#include <cmath>

double F(double input) // function f(...), which is used for defining L, a and b
// changes within [4/29,1]
{
if (input > 0.008856)
return std::cbrt(input); // maximum 1 --- prefer cbrt to pow for cubic root
else
return ((double(841) / 108) * input +
double(4) / 29); // 841/108 = 29*29/36*16
}


Then, another problem could be the reference values you are using for the XYZ space. We have the below reference values, coming from D65 / CIE-1931:

double Xo = 95.047;
double Yo = 100;
double Zo = 108.883;


Then, our RGBtoXYZ conversion was working like this:

template <class float_t> struct Convert<XYZ<float_t>> {
template <class real_t> static XYZ<float_t> from(const RGB<real_t> &rhs) {
// Assume RGB has the type invariance satisfied, i.e., channels \in [0,255]
float_t var_R = float_t(rhs.comp1()) / 255;
float_t var_G = float_t(rhs.comp2()) / 255;
float_t var_B = float_t(rhs.comp3()) / 255;

var_R = (var_R > 0.04045) ? std::pow((var_R + 0.055) / 1.055, 2.4)
: var_R / 12.92;
var_G = (var_G > 0.04045) ? std::pow((var_G + 0.055) / 1.055, 2.4)
: var_G / 12.92;
var_B = (var_B > 0.04045) ? std::pow((var_B + 0.055) / 1.055, 2.4)
: var_B / 12.92;

var_R *= 100;
var_G *= 100;
var_B *= 100;

return XYZ<float_t>{var_R * float_t(0.4124) + var_G * float_t(0.3576) +
var_B * float_t(0.1805),
var_R * float_t(0.2126) + var_G * float_t(0.7152) +
var_B * float_t(0.0722),
var_R * float_t(0.0193) + var_G * float_t(0.1192) +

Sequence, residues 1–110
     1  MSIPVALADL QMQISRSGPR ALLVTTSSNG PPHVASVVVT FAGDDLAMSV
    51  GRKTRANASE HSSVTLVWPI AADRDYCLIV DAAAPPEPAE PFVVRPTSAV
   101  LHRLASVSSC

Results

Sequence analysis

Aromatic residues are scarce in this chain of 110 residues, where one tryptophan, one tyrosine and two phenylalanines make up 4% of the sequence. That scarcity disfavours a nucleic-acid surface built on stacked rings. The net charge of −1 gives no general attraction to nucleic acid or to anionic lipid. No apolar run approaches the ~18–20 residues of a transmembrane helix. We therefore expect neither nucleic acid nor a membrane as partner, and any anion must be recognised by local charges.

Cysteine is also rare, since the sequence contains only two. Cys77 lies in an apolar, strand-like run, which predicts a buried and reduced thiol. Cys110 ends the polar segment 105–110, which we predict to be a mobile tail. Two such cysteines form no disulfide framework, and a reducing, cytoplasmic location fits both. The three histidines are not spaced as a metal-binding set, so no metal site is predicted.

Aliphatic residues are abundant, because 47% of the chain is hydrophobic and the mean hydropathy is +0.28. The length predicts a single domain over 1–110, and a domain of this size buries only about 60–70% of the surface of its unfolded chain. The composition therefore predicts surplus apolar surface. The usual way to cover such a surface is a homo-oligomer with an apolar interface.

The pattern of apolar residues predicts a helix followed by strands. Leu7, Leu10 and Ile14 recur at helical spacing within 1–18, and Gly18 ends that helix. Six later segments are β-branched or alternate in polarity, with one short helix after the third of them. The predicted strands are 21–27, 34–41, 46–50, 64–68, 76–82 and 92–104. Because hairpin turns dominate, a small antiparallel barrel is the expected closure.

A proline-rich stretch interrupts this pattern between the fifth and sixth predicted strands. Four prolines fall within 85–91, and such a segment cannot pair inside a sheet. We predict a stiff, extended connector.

var_B * float_t(0.9505)};
}
};


where RGB was assumed to have its channels inside the valid range, as stated in the comment. Then, the XYZtoLAB function we have is the same except for the cbrt and reference value changes.

EDIT. Above numbers are obtained from EasyRGB's Math page. You can find the conversion from sRGB to XYZ and XYZ to Lab on the page, with a table of XYZ reference values. What we used was the set for "Daylight, sRGB, Adobe RGB."

• Thanks a lot for your help. @Arda I used 'cbrt' and double casting. Actually, the problem is in both the reference point and the values of BGR channels. I have a value ranging from 0 to 255 for each channel that is directly converted to XYZ through matrix multiplication. Solely changing the reference point results in a very bright image. However, when I add the operations that you apply to the RGB values before performing matrix multiplication the resulting image becomes similar to the original one. Could you please tell me more about these operations? Commented Mar 8, 2018 at 21:16
• @HanaaIbrahim, I have edited my answer. Please have a look at the last paragraph. Basically, after fixing the integer division bug in your code, what you need is to decide on the set of reference values for XYZ. These are needed to convert properly from RGB to Lab. I do not know much about the details, but on the webpage I have listed, you can find a set of reference values for different lighting conditions together with the proper calculations. If you have found the answer useful and think it has solved your problem, please select it as the correct answer :) Commented Mar 8, 2018 at 21:43